The magical images of Adam Fuss

Original text by Lunettes Rouges, translation by Miss XS

There is a wrong way in which one can visit the Adam Fuss exhibition at the Fondation MAPFRE in Madrid (until 17th of April) : it would be an erroneous, harmful, sterile approach and yet so engaging, so seductive an approach. Such an approach would be to ask all the time : how the devil are these photographs made? Wanting to understand, daring to ask the question, succumbing, curious and ashamed to want to know the secrets of his recipe. Better off not knowing, not reading the technical descriptions, better off being swept away by the magical beauty of his images without being preoccupied whether the artwork is a daguerreotype, a photogram, a pinhole or a ‘normal’ photograph.

These incredibly beautiful photographs are the fruits of an experimental body of work, of which the driving force is more sensitive and mystical rather than technical. Certain of his photographs attract you like mirrors and perhaps these are the daguerreotypes; others, like inversed silhouettes a-la- Lavater arrest you from a distance; they are perhaps photograms. Four very black photographs oblige you to engage with them for a very long time, finding the proper distance, the correct angle, trying to adapt and accommodate in order to finally be capable, or even worthy, of distinguishing the faces or the busts emerging from the shadows like pure spirits with whom we can enter in communion. Perhaps these photographs were taken with a camera.

These photographs speak of absence, very much like the translucent baptism dress inhabited by emptiness, like a ghost or a spirit from across the Styx. Elsewhere, a first communion dress- or maybe a first ball dress  is covered with serpents: a dress for puberty, of first turmoil, first love, and snakes of temptation, of original sin. Vanity, all is vanity, says  repeatedly this exhibition, with its billows of smoke and its peacock feathers.

We marvel again at babies jiggling about in water and at swaying serpents creating waves, at this frozen movement captured by the photographer- who is more of a catcher than a hunter. In front of this incandescent white hole in the middle of red circles (a drop of water? a pendulum?), is there not an evocation of unrepresentable divinity, of the light of the Holy Spirit? I was reminded of Heaven in Jérôme Bosch’s quadriptych seen in Venice not so long ago at the Grimani palace. What’s missing here is a giant daguerreotype of very anatomically correct female genitals (image no.3), which, presented on the floor of his New York gallery, aroused some puritanical critics: it is though – amidst the skulls- a sign of life, of resurrection, like a portal towards the origin of life.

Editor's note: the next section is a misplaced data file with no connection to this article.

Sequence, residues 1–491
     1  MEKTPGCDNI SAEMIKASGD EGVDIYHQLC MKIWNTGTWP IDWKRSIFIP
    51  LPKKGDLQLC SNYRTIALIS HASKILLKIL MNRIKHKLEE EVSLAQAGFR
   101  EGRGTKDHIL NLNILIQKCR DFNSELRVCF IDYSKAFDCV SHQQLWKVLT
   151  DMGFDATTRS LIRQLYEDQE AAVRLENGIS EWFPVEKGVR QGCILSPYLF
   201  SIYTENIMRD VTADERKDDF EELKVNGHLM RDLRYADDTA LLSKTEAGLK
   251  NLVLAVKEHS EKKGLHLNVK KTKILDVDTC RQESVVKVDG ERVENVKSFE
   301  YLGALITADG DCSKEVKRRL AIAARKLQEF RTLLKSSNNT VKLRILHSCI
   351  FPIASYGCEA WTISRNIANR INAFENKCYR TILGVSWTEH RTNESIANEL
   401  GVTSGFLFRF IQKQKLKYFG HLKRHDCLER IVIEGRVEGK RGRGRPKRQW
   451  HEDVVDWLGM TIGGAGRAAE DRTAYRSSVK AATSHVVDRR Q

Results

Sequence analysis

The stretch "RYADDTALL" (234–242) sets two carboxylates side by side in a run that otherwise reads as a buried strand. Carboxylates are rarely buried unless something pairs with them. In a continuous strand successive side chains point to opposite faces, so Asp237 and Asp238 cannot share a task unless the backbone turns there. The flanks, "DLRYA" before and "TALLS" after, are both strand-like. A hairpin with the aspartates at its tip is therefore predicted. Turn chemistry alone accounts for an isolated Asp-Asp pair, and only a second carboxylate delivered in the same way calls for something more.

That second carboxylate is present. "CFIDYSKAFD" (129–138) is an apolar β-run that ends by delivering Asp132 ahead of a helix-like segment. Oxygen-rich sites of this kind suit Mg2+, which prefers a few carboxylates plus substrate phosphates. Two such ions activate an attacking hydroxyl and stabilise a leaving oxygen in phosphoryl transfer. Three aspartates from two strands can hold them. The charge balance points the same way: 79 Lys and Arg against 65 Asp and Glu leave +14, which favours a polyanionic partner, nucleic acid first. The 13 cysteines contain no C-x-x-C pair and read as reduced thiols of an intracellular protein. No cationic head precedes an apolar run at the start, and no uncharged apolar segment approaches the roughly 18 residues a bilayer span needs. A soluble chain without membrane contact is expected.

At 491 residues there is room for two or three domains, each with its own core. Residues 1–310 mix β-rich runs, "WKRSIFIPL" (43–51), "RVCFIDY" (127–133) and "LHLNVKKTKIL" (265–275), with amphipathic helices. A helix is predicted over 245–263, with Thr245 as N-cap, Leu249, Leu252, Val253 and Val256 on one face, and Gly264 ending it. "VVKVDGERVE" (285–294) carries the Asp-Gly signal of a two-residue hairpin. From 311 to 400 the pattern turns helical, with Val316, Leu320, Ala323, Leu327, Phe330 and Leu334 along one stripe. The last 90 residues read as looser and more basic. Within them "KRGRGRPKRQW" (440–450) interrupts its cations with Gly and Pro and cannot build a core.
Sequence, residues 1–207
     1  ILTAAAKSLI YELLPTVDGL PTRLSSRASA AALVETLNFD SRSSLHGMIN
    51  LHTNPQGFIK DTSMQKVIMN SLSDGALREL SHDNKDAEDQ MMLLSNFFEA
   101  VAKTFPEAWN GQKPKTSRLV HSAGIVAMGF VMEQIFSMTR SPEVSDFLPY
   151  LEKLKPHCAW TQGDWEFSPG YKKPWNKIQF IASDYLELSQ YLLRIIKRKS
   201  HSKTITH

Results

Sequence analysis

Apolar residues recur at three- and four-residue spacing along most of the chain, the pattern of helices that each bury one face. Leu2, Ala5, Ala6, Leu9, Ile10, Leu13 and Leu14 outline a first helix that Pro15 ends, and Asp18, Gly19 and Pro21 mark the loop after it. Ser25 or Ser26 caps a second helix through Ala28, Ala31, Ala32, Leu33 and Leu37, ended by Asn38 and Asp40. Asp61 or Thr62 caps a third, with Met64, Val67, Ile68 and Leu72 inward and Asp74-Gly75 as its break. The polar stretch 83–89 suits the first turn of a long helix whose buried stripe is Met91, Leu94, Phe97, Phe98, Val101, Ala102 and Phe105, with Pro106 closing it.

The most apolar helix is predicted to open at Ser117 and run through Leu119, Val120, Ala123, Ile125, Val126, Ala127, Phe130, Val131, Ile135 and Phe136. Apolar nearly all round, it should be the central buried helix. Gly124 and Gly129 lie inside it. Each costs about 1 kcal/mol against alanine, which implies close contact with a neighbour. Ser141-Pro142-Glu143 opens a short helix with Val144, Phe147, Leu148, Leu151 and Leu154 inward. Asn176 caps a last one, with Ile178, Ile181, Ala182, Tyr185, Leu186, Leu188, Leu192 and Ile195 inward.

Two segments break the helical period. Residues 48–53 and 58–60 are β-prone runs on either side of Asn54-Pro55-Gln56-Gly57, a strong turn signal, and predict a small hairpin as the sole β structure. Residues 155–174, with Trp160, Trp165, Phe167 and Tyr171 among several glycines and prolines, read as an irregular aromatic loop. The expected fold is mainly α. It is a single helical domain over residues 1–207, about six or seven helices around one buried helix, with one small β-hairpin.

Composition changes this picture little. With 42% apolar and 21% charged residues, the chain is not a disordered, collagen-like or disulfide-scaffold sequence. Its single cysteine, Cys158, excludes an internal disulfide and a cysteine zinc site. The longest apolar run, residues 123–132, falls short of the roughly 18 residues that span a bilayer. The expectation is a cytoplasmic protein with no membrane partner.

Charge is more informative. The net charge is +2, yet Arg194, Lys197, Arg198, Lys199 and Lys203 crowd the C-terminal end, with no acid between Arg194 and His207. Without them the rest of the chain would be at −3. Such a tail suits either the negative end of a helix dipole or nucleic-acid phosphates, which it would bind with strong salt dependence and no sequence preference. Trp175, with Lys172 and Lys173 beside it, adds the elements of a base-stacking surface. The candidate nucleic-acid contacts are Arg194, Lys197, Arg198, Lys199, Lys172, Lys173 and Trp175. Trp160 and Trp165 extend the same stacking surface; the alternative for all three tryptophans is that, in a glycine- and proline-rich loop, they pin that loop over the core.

Indeed there are many questions about death and resurrection here: whether it is the reborn phoenix and its ashes, a pupa photographed like a jewel, or the magnificent pair of disembowelled rabbits facing one another (read Chris Bucklow’s narration of the evisceration in the beautiful catalogue), where blood, lymph, urine and viscera, reacting with the salts of the photographic paper, drew this coloured lace: the piece (above) is titled Love. Death and resurrection: on the floor above, some magnificent wooden crucified Roman Christs from Barcelona tell us a similar story.

The virtual visit on the Foundation’s website is remarkable.

The MAPFRE foundation will subsequently show a large exhibition on Atget (from the end of May until the end of August), which will later travel to the Carnavalet Museum in Paris in Spring 2012. This posting is the 10000th in the chronological register of postings on Le Monde’s blogs. The voyage was made possible through an invitation from the MAPFRE Foundation and the Tourist Office of Madrid.

En français

Photo n°2, courtesy of the Foundation. All photos ©Adam Fuss

  1. Amor, 1992. Fotograma. Cibachrome. Ejemplar único.Cortesía de Cheim & Read, Nueva York
  2. De la serie Mi Fantasma, 1999. Fotograma. Plata en gelatina. Ejemplar único. Colección John Cheim
  3. Medusa, de la serie Hogar y el Mundo, 2010. Fotograma. Plata en gelatine. Ejemplar único. Cortesía de Timothy Taylor Gallery, Londres
  4. Sin título, 1998. Fotograma. Cibachrome. Colección privada
  5. Sin título, 1992. Fotograma. Cibachrome. Ejemplar único. The Nelson-Atkins Museum of Art, Kansas City
  6. Sin título, 2003. Impresión digital con pigmentos. Cortesía de Cheim & Read, Nueva York

3 responses to “The magical images of Adam Fuss

  1. These pictures look truly wonderful; thanks for sharing them with us in both French & English.

  2. Pingback: The Physical World (in the Suburbs) | Lunettes Rouges

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